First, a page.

Most of the former detainees are now sheltering in UNHCR’s Gathering and Departure Facility (GDF), which is intended to host individuals who have been declared eligible for refugee status and are awaiting resettlement.
Engborg of OCHA said the former Tajoura detainees will be asked to leave the badly overcrowdedGDF facility in the coming days and find their own accommodation, which is the case for the estimated 600,000 migrants, refugees, and asylum seekers currently living in Libya.
Former detainees � along with those already living on their own � may be at risk of exploitation and abuse from people smugglers and traffickers, said Elinor Raikes, Europe and North Africa director at the International Rescue Committee.
Sam Turner, MSF’s head of mission in Libya, said it wasn’t clear what the humanitarian community would do if all the country’s detention centres were shut:We don’t have a contingency plan in place to cope with the release of people from detention, he said.
Two of three community day centres intended to support migrants and refugees in urban communities have been forced to close in recent weeks due to ongoing clashes, said UNHCR’s spokeswoman in Libya, Paula Barrachina. The remaining facility receives 150 people per day, Barrachina said, and is at full capacity.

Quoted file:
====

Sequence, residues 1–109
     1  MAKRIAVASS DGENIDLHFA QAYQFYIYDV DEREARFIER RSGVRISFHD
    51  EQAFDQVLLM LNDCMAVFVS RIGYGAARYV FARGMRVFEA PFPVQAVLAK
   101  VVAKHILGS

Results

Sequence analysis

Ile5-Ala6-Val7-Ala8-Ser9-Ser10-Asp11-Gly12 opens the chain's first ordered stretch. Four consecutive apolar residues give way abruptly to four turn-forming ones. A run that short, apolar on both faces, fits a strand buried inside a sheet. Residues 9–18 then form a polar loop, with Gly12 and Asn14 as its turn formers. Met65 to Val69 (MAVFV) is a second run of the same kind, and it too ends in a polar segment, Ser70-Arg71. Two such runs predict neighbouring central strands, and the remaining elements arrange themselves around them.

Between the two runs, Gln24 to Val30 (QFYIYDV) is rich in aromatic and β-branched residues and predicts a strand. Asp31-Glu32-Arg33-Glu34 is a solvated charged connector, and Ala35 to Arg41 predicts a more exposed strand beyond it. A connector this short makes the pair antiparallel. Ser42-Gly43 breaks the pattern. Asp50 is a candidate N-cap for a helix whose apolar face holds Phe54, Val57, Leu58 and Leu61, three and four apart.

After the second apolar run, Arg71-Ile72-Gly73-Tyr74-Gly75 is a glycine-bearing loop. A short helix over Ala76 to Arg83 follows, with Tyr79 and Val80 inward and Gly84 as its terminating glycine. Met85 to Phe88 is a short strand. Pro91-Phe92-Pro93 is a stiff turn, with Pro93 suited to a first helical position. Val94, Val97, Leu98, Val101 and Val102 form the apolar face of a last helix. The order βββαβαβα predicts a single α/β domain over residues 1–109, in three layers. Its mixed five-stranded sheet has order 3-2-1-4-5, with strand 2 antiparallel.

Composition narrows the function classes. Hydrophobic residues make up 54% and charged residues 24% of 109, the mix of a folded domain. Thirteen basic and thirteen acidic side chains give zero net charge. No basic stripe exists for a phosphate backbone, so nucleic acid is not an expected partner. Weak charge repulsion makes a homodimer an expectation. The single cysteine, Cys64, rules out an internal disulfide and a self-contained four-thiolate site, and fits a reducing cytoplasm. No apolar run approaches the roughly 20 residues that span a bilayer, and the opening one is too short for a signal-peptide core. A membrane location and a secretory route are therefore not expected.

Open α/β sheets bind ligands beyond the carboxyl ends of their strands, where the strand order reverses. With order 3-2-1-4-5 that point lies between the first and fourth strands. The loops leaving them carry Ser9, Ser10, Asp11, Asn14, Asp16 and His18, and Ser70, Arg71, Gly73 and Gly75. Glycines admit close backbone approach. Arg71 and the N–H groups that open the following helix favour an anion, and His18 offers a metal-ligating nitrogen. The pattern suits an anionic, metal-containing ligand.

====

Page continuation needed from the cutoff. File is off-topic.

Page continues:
Resources have to be increased to be able to respond to all persons in need, she added.
Since April, UNHCR has relocated hundreds of individuals from detention facilities near front lines, such as Qasr Bin Ghashir. They have mostly been transferred to other detention centres in safer locations, and a number have been moved to the GDF facility.
The cycle of human misery and danger is just perpetuated.
UN officials are now discussing proposals with the GNA for former detainees to be housed in new open shelters, where they can come and go freely, said Engborg.
But efforts to establish such centres may take time and will be complicated by the ongoing conflict.
How many refugees have been resettled since the violence began?
UNHCR has evacuated 589 refugees to safe third countries since April, including 295 to Italy and 294 to Niger � where refugees make a supposedly temporary stop before being resettled in Europe.
So far this year, nearly 1,300 people have been evacuated from Libya, but roughly three times that number have been intercepted at sea by the Libyan Coast Guard and brought back to detention centres. This means that the cycle of human misery and danger is just perpetuated, said the International Rescue Committee’s Raikes.
The UN has appealed for more countries to offer resettlement spots, and Germany’s development minister, Gerd Muller, called for a joint humanitarian initiative from Europe and the UN to rescue refugees on Libyan soil.
But there remains a lack of sufficient resettlement spaces through the pledges that have been announced by different governments around the world, MSF’s Turner said.
IOM runs a voluntary repatriation programme that supports individuals who decide to return home. Many of those affected by the Tajoura airstrike were already registered on the programme, the agency said.
A total of 5,089 individuals have returned to 26 countries across Africa and Asia so far in 2019 as part of the IOM programme. But the decision to return home is not for everyone, given the hardship and financial costs most incur in their journey to reach Europe.
Source: The New Humanitatian